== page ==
A.D.A. who resigned snooped on fellow prosecutor, sources say

Posted: June 30, 2011

A veteran Philadelphia homicide prosecutor who was forced to resign last week was asked to leave because she accessed the expunged arrest record of a young prosecutor whom District Attorney Seth Williams personally hired in October.

Sources told the Daily News that MK Feeney, who worked in the D.A.'s Office for 15 years, abruptly resigned last Thursday after digging up information about Kevin Harden Jr., a 25-year-old assistant district attorney who was arrested several times as a youth.

And in yet another example of the ongoing shake-up of the D.A.'s Office, veteran homicide prosecutor Leon Goodman, an office ally of Feeney's, has been demoted to the insurance-fraud unit, sources confirmed.

Tasha Jamerson, Williams' spokeswoman, confirmed Feeney's resignation, but would not comment on Goodman. Goodman, who on Friday afternoon won a life-sentence verdict for a convicted murderer, also declined to comment.

Harden has been arrested a handful of times, mostly for drug offenses, sources said, and survived being shot five times in 2006. He has never been convicted of a crime, however, sources said.

His record has been expunged, meaning there is no public record of any arrests. The D.A.'s Office, however, maintains all arrest records via the city's Preliminary Arraignment Reporting System, which Feeney accessed.

Attempts to reach Williams for comment were not successful. Harden declined to be interviewed earlier this month.

Since being hired in October at a salary of $48,975, Harden has handled misdemeanor trials and felony preliminary hearings.

One colleague said that Harden had overcome a rough past scarred by drugs to become a good lawyer and an asset to the D.A.'s Office.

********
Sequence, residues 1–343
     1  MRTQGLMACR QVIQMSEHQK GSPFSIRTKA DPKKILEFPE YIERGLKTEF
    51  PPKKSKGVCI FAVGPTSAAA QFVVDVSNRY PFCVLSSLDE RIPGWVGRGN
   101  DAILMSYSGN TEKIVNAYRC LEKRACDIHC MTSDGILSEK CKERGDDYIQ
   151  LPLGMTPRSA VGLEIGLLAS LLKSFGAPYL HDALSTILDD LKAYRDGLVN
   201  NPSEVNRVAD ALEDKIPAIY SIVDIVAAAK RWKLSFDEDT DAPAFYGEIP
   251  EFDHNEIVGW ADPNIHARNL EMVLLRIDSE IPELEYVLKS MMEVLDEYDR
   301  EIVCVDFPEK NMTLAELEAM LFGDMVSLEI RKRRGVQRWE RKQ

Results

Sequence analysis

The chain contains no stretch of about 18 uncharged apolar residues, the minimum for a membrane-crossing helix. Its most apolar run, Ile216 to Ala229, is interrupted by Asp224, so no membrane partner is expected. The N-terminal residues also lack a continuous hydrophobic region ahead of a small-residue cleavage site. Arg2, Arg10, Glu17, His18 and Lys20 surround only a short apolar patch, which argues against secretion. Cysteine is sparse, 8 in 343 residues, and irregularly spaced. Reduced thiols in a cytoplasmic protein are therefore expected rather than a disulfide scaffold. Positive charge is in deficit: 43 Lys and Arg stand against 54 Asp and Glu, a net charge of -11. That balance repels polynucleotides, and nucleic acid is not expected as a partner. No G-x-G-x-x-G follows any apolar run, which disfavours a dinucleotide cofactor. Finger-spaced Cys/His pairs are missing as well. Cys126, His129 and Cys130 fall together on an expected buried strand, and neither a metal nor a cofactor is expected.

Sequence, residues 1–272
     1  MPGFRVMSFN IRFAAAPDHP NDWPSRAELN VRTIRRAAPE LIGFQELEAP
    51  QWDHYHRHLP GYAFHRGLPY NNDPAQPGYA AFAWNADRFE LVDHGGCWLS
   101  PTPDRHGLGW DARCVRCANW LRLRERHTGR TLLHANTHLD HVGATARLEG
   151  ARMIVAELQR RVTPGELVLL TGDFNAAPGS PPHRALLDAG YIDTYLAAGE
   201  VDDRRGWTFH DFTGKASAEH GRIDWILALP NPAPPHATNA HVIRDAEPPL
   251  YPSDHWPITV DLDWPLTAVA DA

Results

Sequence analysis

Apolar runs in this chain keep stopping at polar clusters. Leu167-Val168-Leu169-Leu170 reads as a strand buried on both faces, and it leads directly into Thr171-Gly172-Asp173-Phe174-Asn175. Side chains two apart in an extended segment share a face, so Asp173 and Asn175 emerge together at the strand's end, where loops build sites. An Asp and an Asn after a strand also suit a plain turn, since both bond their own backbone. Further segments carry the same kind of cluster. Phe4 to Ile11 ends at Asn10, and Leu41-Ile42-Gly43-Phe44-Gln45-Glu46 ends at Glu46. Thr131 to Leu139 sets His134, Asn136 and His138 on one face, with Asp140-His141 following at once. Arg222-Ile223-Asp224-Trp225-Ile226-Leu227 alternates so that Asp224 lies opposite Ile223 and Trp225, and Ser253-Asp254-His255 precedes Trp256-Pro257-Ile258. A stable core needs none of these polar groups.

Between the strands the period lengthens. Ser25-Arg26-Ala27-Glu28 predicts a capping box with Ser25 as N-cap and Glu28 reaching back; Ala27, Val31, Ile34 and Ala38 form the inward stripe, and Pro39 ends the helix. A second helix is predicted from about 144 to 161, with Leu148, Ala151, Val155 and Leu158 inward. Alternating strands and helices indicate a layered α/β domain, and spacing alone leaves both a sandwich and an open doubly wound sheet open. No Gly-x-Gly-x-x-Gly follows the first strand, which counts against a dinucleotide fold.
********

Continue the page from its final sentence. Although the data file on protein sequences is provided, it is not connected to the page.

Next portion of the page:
"Kevin's story is the best story of redemption that I have ever heard," said Center City lawyer Lloyd Long, of Fitzpatrick & Long. "America is the land of redemption. If not in America, where?" He added that Harden never hid his past when he interned at the firm.

Another prosecutor exuded a mixture of contempt and worry that Harden had been brought into the fold.

"In the courtroom he is good - a superstar," the prosecutor said. "I have no doubt about his legal ability. . . . But where do you draw the line?

"A district attorney is supposed to be above reproach. . . . So, how does it look when you have a D.A. talking about not snitching?"

In 2007, the then-college student discussed on CNN's "Anderson Cooper 360" that he believed that not snitching made pretty good sense in Philadelphia.

"Look, it's just a realistic thing, like I didn't go to court when I got shot," Harden said, according to a transcript of the show, which aired Oct. 11, 2007.

"The cops can't take care of me. I snitch on that man, and somebody come after my family. Then everybody going to be dead. The streets can handle themselves. Survival of the fittest."

Feeney's resignation and Goodman's transfer are the latest signs of unrest at a D.A.'s Office that earlier this month saw the exit of its second-in-command, First Assistant D.A. Joseph McGettigan, amid reports that he and Williams were not getting along. The official reason for his departure was to take an extended medical leave, Jamerson said.

In May, the Daily News reported that Assistant District Attorney Jennifer Mitrick was removed from prosecuting two men accused of attempting to murder an alleged drug dealer after it was discovered that she began dating the victim following the trial of the first of the two defendants.

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